If there was a theme to the discussion around highway funding and how to get EVs to pay their fair share, the American Trucking Associations' Highway Policy Committee heard the obvious: Trucks are not passenger vehicles—and policy must reflect and respect the differences. But the committee, meeting during the recent ATA Management Conference & Exhibition, also heard that's easier said than done.
A mileage-based user fee (MBUF), for better or worse, is among the gas-tax alternatives being debated in various state legislatures, as Patricia Hendren, executive director of Eastern Transportation Coalition, explained to a packed conference room.
The organization understands the "complexity" of the trucking industry, and so fleets' viewpoints must be part of any national discussion around road user fees. And the time for trucking to be heard is now.
As Hendren illustrated in her presentation, the increase in the number of states exploring mileage-based user fees or weight-distance taxes—and, in a few instances, enacting them—between 2016 and 2023 is "pretty remarkable."
"State legislatures are paying attention," she said. "That's where we need to get worried—if legislation is passed without information, or passed with bad programs, all create more administrative burdens."
When states lump trucks in with passenger car legislation
"The fact we have two new pieces of legislation is a wake-up call that a weight-based tax is coming back," Hendren said. "The point is this is coming to the motor carrier industry, so how do you get prepared to push back?"
"Nothing drives me more crazy than legislation that is designed for passenger vehicles, and it will say 'and trucks' at the end," she said. "And that's what we're concerned was going to happen."
The Eastern Transportation Coalition is a partnership of 18 states and D.C. focused on connecting public agencies across modes of travel to increase safety and efficiency. Formerly the I-95 Corridor Coalition, Hendren characterized ETC as a "boots-on-the-ground, operations-oriented entity" that tackles problems bigger than a single state can handle. She mentioned "getting information into truck cabs" and truck parking among the freight-related issues the organization deals with.
As for MBUFs, the coalition maintains a "neutral" position, "but if we are going to go in this direction, let's do it the right way," she noted.
To that end, ETC secured federal grants to launch motor carrier pilot programs and formed a Motor Carrier Working Group to ensure "the interests of trucking are being considered" when policymakers discuss a potential mileage-based user fee system.
"We get together and close the door and say, 'OK, what are we going to do if a state passes a distance-based fee? How do we prepare?" Hendren said. "How do we ask for something that's different? How do we push back on things we don't want? And how do we design our work to try to get our questions answered?"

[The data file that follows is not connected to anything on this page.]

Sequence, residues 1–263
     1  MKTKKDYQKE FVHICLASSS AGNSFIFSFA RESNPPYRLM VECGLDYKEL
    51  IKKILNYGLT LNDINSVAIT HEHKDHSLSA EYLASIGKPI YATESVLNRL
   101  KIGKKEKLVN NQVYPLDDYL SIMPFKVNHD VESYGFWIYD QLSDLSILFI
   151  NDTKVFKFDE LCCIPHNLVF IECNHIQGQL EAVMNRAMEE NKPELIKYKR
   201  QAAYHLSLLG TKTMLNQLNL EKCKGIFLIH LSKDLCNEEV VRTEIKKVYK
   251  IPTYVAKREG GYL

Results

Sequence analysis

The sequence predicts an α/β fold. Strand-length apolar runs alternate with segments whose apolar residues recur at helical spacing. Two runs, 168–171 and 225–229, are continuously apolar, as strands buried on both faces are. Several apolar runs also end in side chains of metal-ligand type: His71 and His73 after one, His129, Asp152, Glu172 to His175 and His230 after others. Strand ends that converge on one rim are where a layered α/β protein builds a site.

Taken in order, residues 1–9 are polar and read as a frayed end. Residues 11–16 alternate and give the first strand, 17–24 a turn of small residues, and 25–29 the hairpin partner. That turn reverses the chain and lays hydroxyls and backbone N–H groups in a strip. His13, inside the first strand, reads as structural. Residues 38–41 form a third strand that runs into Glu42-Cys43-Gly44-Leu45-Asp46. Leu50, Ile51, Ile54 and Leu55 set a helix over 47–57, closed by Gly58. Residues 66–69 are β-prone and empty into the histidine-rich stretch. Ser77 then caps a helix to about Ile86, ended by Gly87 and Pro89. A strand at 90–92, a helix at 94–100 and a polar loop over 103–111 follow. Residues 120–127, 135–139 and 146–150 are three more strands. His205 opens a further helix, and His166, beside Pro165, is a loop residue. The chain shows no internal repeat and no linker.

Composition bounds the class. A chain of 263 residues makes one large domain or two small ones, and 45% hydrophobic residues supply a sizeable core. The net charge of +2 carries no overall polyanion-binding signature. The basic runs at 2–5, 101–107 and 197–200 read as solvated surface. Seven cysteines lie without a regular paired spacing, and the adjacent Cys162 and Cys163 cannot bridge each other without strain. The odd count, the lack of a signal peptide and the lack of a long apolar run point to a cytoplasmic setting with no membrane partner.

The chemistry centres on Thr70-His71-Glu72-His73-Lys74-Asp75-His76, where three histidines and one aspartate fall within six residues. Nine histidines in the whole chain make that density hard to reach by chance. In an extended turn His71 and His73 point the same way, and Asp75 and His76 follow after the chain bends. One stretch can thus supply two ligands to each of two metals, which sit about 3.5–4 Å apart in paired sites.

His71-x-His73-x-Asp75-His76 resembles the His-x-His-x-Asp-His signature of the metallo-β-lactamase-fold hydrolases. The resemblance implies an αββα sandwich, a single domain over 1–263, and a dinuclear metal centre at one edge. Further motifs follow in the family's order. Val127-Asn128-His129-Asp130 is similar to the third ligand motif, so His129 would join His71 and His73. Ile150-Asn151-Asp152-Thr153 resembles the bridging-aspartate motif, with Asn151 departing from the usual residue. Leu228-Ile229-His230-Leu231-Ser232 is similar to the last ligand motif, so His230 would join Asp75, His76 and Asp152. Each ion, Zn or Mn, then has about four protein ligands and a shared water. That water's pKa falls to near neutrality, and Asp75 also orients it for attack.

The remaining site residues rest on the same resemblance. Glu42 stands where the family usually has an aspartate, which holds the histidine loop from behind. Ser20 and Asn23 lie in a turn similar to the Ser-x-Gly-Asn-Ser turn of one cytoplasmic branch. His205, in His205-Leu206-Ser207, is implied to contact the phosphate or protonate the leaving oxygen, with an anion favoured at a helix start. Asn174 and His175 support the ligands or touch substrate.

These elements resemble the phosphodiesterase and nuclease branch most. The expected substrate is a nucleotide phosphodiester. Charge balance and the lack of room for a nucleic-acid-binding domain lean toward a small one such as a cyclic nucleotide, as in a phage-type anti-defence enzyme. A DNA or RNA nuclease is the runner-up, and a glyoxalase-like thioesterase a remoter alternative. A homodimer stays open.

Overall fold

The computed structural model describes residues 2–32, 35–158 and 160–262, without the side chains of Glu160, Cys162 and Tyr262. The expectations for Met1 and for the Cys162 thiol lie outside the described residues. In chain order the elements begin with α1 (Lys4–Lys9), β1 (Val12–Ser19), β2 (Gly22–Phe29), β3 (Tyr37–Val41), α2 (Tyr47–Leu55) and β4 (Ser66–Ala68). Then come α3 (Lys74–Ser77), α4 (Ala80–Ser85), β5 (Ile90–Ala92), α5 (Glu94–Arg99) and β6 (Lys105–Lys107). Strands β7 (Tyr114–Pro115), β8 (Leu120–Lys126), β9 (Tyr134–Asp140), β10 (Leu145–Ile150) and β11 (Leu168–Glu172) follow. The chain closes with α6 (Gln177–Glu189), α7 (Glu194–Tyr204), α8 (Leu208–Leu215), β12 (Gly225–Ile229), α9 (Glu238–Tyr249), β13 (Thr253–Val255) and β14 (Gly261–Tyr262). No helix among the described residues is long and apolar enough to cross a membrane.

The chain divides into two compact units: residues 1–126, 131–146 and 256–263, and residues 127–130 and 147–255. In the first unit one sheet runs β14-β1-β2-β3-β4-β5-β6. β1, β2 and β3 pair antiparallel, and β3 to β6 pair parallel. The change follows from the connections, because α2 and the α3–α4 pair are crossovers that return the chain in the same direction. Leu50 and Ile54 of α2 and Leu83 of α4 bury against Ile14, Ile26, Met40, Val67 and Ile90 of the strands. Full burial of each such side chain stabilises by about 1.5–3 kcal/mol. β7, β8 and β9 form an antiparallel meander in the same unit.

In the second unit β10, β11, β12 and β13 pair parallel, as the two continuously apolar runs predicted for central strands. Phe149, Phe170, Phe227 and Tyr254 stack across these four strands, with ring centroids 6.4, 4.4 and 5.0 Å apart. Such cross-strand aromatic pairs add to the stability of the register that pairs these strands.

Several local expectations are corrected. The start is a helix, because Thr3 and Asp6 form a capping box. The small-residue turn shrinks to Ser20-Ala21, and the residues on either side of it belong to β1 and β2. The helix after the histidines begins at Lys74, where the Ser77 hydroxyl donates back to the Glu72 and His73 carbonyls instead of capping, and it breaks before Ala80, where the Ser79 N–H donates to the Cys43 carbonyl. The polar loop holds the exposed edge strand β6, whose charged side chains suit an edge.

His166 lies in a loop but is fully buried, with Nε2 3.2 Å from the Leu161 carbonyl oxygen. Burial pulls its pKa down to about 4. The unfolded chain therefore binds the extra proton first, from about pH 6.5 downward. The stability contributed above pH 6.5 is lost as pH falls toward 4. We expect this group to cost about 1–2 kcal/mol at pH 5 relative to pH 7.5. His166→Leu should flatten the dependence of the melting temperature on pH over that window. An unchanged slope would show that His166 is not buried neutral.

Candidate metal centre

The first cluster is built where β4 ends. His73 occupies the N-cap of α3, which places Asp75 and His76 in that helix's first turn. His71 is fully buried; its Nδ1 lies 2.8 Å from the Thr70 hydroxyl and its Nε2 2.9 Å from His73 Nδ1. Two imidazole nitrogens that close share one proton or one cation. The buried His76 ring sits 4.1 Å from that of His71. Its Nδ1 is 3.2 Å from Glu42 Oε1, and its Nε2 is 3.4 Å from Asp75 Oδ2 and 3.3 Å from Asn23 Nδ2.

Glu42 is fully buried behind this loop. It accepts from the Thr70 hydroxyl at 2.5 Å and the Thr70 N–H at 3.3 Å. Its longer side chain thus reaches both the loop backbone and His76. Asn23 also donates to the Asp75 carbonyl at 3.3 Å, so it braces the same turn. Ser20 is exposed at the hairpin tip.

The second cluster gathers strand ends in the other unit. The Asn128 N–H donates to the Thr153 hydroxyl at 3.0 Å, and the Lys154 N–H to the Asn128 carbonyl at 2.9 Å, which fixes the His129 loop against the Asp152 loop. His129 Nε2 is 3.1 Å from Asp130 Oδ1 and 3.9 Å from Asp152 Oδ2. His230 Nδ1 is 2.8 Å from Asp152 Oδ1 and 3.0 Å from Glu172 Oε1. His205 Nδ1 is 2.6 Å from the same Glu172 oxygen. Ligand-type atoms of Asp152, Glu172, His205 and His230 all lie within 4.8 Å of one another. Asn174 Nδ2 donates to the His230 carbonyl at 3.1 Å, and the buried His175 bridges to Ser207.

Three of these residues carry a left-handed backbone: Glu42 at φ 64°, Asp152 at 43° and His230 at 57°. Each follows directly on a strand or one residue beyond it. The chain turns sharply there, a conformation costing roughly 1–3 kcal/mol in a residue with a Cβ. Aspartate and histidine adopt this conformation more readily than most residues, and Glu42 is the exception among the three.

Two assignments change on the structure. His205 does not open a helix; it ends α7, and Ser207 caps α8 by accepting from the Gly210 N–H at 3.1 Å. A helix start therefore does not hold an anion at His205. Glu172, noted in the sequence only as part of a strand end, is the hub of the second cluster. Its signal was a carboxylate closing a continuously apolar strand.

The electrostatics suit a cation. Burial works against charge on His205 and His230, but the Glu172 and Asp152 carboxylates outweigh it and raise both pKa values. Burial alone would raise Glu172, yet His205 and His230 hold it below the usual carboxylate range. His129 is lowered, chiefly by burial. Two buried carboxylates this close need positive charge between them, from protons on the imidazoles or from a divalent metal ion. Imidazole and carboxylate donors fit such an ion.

"It's pretty easy to show just the impact of this industry and that it's different—it's not rocket science stuff," she said. "Trucks are not big cars. We have existing regulations that we can piggyback for a national system if we need to go in this direction. We have technology in our vehicles; how can we leverage that? How do we take the lessons learned from IFTA and IRP? How do we be thoughtful about this going forward?
"We're just highlighting some of those things that are probably obvious to everyone in this room but are not obvious to a lot of people who don't understand your industry."
Weight-based fees on the regulation horizon
Among the insights from the pilot, setting fee rates is "definitely a very sensitive topic." A single rate, studied in 2018-2019, "created winners and losers" because all trucks aren't the same and how they're used is not the same, Hendren explained. Similarly, setting mileage rates based on fuel efficiency (2020-2021 study) was also problematic, such as a carrier's efficiency rating falling just outside of a more favorable rate. The 2022 pilot next looked at fees based on weight.
"We know that weight is a four-letter word in your industry, but that is probably where this is going to go," she said. "And then, again, states are going to do their own thing. But what we always hear from the motor carrier industry is: 'We want uniformity.' So, don't have different rules in every single state—it's just not how you can do your business. So how do we create uniformity?"
The coalition's four significant findings from the report, published last month, are:
- MBUF can be applied to all commercial vehicles regardless of weight, fuel type, international travel, and type of operation.
- A weight-based MBUF has the potential to provide a more transparent link between usage and cost of road use.
- Uniformity does not have to be identical to be scalable and has the potential to substantially decrease administrative costs on the motor carrier and agency sides.
- Clearinghouse frameworks can be adapted to handle MBUF, but roles and responsibilities must be clearly defined.
In concluding her presentation, Hendren again emphasized the coalition's goal of ensuring the trucking industry's complexity is fully considered in user-fee policy decisions and showing "what could or couldn't work, what might work."
"A challenge is going to be when people take our report and go, 'this group says we can do a VMT fee'—that is not what the report says," she insisted. "We keep using the term that this is 'capable, not ready.' The point is, there's more work to be done."
She noted that the next pilot will focus on EVs and the feasibility of a kilowatt/hour approach to user fees.
Next week: As one might imagine, folks in the room had some strong opinions on once-and-future weight-miles user fees for trucking.